The following is from the May 30, 2009, edition of The Christian Science Monitor. Political Science Prof. Cal Jillson of SMU's Dedman College provided expertise for this story.
June 1, 2009
By Linda Feldmann
If the Obama administration was trying to set a trap for the Republican Party in nominating Sonia Sotomayor to the Supreme Court, it could not have done a better job.
As an outspoken Latina, Judge Sotomayor has said plenty of things to rile up conservatives. Most pointedly, she once said that a “wise Latina woman” judge would “more often than not” make better decisions than a “white male who hasn’t lived that life.”
Prominent conservatives pounced with rhetoric that many party members consider over-the-top. Former House speaker Newt Gingrich called Sotomayor a “Latina woman racist” and demanded she withdraw her nomination. Talk radio host Rush Limbaugh compared her to former Ku Klux Klan leader David Duke. Former Rep. Tom Tancredo (R) of Colorado called the Hispanic group National Council of La Raza, of which Sotomayor is a member, “a Latino KKK without the hoods or nooses.”
Senior elected Republicans have sharply rejected the rhetoric and called for more focus on her record. But the first round of reaction to Sotomayor goes to the White House. Polls show more Americans approve than disapprove her nomination, and the out-of-power GOP is further mired in internecine warfare. Any Republican appeal to Latino voters, who already voted for Obama last November by a 2-to-1 margin, faces an uphill climb that has just gotten steeper.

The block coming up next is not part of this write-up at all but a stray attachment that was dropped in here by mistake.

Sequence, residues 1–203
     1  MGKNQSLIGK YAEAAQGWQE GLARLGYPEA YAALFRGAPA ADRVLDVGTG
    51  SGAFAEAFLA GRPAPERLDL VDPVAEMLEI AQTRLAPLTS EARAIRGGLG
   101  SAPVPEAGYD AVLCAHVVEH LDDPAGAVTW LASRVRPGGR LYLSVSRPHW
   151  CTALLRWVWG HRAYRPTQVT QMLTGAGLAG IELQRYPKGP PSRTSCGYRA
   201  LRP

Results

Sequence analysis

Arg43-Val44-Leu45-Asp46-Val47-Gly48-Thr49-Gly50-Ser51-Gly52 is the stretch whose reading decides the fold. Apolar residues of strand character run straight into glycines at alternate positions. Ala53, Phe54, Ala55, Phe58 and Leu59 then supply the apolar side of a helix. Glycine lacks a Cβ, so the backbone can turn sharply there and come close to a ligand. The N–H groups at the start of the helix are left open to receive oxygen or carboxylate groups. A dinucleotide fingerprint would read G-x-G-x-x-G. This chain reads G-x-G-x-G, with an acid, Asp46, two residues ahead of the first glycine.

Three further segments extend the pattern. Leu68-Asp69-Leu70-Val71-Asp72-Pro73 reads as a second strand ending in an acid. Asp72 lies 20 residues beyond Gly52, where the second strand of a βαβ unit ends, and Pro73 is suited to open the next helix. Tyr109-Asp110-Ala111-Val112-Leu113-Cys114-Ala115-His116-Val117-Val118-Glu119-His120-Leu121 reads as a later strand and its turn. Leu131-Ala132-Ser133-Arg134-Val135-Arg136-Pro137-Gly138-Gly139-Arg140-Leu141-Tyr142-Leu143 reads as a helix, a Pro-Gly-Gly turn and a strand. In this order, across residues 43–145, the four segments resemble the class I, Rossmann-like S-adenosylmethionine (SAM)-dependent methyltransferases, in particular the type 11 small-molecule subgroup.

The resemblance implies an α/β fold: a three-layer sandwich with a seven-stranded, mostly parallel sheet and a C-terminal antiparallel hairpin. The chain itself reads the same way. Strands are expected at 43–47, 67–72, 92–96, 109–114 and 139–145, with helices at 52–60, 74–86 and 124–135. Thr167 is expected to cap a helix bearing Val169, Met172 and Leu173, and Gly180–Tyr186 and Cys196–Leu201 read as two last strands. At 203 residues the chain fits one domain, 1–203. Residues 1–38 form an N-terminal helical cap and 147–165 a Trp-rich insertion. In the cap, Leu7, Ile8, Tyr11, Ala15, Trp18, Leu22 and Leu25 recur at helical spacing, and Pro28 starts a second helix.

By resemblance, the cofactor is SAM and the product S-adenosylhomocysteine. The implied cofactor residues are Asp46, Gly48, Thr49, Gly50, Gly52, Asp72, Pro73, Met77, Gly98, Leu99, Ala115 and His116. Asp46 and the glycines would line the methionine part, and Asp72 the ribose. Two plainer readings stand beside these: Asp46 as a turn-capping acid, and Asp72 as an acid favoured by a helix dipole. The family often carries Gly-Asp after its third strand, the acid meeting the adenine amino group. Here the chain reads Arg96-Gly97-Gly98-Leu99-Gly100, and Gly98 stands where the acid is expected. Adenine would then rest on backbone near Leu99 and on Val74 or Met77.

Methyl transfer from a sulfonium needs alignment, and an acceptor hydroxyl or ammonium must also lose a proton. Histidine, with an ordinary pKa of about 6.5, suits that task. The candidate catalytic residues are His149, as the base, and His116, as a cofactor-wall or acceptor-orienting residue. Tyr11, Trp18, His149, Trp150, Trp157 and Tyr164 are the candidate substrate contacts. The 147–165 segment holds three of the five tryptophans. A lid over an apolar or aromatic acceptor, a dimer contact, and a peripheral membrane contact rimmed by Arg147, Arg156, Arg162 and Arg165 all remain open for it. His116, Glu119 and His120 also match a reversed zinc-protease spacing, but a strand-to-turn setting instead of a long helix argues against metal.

“The broader problem that the Republicans have at this point is that as long as Limbaugh and Gingrich are the faces of the Republican Party, they continue in a losing situation,” says Cal Jillson, a political scientist at Southern Methodist University in Dallas. “And so [elected GOP officials] were trying to pull them back, recognizing that Sotomayor was very likely to be confirmed, absent some stunning development.”
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